As a child I was dragged to the local library once a week, every week by my mother. “Books are good for you” she would tell me and as she was a voracious reader, it all seemed perfectly normal.
That was until I ran out of books.
You see, back then the local library was split into a children’s section and an adult section. I was pretty fed up with all the stupid kids books. They didn’t inspire or amuse me. So I ended up in a constant battle with the librarians.
You can’t take that book out on your ticket. It needs to be a children’s book.
Back then the “ticket” was a little cardboard sleeve with the top right corner clipped off, so that the cards that were tucked into pockets in the front of the book, could be inserted. This was how they knew who had what book.
Where I grew up we were around 10 miles from a provincial airport so there were always plenty of aircraft going overhead and I wanted to know how they worked. So I grabbed this huge book from the shelf and had taken it with my card to the counter I could barely see over. I was around seven at the time.
That’s when I heard the line once again. “Not on your card. Please put the book back on the shelf“.
OK I thought. I put the book back on the shelf and stomped my way out of the building. I knew I had a plan and would be back tomorrow.
The next day I turned up with my dad’s card. An adult card. That should fettle them!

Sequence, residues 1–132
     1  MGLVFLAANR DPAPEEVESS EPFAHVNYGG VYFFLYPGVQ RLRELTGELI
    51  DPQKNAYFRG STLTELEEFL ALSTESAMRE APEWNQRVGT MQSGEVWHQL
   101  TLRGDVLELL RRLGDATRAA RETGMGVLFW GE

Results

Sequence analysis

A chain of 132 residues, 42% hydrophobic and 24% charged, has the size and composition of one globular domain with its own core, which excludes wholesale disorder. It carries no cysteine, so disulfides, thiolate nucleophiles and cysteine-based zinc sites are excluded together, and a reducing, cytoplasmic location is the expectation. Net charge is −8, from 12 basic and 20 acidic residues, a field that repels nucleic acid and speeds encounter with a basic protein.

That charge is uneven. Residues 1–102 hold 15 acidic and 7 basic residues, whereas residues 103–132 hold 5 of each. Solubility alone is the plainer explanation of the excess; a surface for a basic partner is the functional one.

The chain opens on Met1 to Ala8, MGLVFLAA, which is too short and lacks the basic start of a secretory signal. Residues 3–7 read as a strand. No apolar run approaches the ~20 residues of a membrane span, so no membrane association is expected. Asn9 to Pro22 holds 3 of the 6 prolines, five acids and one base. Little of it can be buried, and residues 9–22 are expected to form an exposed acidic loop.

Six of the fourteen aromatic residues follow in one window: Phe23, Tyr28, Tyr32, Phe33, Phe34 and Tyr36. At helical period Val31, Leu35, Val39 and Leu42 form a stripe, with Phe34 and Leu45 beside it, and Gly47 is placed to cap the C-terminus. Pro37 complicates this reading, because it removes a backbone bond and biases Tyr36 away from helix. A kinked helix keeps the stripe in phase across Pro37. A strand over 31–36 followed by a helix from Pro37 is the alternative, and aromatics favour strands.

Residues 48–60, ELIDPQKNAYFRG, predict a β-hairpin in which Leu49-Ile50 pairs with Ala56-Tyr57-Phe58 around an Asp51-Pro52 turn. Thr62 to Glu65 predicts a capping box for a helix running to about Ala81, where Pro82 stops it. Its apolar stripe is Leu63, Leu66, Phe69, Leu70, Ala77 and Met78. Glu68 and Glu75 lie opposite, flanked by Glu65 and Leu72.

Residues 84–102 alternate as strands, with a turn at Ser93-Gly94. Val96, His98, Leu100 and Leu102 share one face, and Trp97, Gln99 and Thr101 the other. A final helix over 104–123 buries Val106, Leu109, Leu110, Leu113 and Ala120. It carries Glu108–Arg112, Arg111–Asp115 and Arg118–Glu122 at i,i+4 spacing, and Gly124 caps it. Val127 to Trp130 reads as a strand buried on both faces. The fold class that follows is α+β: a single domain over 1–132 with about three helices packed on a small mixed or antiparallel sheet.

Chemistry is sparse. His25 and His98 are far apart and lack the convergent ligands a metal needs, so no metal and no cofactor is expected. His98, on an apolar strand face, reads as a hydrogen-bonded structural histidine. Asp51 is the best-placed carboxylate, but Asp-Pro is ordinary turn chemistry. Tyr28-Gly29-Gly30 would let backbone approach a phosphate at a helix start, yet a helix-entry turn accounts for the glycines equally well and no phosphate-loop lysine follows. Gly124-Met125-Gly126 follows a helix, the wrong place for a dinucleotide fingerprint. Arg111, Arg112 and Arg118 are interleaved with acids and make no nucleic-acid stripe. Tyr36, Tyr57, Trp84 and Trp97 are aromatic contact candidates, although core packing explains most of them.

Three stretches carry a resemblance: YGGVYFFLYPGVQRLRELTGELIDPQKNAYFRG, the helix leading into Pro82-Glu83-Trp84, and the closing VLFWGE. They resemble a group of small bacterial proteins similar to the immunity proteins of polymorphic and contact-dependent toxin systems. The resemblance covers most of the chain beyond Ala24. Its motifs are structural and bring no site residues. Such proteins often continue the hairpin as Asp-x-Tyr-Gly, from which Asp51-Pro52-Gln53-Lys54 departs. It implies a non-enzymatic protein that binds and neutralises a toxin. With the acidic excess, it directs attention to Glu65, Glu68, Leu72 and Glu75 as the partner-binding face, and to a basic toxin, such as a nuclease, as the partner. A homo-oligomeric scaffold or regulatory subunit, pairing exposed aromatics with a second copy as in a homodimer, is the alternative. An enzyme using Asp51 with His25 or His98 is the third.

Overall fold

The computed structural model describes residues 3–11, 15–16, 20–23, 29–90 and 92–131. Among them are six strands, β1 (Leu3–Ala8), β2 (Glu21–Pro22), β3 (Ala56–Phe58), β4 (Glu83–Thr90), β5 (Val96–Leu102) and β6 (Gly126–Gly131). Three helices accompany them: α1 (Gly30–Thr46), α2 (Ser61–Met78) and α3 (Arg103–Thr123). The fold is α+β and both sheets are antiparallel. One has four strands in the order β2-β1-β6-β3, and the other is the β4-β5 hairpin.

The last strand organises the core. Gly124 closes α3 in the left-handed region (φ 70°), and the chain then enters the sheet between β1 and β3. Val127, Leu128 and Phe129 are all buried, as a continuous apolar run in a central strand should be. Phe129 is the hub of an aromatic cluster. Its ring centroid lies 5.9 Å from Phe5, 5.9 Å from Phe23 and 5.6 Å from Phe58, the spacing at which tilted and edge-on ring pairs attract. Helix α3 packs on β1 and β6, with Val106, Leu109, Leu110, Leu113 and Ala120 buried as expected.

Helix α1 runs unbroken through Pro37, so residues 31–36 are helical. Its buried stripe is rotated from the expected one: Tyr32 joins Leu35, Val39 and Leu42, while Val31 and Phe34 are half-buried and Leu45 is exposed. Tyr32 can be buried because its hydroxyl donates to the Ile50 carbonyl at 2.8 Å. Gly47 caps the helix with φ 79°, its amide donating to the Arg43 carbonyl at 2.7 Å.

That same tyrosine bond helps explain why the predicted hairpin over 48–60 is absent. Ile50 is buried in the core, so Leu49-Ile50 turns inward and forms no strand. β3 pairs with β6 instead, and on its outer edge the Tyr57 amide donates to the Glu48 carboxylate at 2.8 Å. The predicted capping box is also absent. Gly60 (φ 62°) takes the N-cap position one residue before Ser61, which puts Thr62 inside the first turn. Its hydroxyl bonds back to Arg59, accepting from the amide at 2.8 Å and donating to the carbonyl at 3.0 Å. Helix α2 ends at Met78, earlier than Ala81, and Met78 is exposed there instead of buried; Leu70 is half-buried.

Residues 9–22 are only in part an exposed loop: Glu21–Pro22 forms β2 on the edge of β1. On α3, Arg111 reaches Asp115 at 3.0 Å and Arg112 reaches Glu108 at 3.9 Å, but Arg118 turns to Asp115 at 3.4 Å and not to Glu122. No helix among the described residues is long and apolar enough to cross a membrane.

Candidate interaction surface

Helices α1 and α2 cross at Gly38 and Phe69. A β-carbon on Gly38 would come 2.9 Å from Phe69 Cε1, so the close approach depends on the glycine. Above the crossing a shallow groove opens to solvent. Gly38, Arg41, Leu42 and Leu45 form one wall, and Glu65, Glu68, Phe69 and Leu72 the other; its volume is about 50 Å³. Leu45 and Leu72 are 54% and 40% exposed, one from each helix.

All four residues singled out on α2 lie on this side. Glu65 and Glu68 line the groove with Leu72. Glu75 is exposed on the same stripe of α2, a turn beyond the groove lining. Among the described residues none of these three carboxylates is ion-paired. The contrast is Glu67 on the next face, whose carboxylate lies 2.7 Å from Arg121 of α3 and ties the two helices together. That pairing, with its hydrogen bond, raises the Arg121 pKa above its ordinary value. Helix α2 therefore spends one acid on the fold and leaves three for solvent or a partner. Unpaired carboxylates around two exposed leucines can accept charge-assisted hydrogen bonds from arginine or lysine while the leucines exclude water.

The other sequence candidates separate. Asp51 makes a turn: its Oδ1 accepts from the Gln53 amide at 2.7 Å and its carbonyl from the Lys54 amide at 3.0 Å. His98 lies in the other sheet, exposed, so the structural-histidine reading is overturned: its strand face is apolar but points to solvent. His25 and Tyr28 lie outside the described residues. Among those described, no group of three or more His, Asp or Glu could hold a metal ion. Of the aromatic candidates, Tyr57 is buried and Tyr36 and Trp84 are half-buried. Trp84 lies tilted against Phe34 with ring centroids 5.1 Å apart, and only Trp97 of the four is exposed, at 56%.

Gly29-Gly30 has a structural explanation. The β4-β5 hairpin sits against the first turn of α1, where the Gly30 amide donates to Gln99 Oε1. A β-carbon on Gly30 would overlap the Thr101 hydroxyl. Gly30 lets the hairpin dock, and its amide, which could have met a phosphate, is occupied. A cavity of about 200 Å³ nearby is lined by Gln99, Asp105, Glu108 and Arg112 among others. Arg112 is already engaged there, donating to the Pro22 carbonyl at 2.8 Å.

Sure enough, I took the book to the counter once again. “I told you yesterday. You can’t take that book out with your card” the now stern looking librarian told me. (Remember this was back in the day when tweed clad Librarians spent most of their time saying “SSssshhhh!” at people.)
With a look of victorious triumph I presented the librarian with my Dad’s card and lied through my teeth, “My dad wants it. He told me to come and get it for him”.
I suspect the librarian knew exactly what was going on. She turned to a colleague and they had a short, but very quiet chat.
I am pretty sure when she stamped the return date in the front of the book she did it a lot harder than she normally did.
The next seven years saw my dad reading a lot of adult category books. Trains, Planes, Cars, Stamp Collecting, the armed forces, spies etc. ‘He‘ was into everything despite working all the hours God sent.
Every time I would get the scowl off the librarian. She even commented one time “Your dad reads a lot“. It was all I could do to keep the smirk off my face.
Public lending libraries. They’re important. Support them. They’re more than just books these days.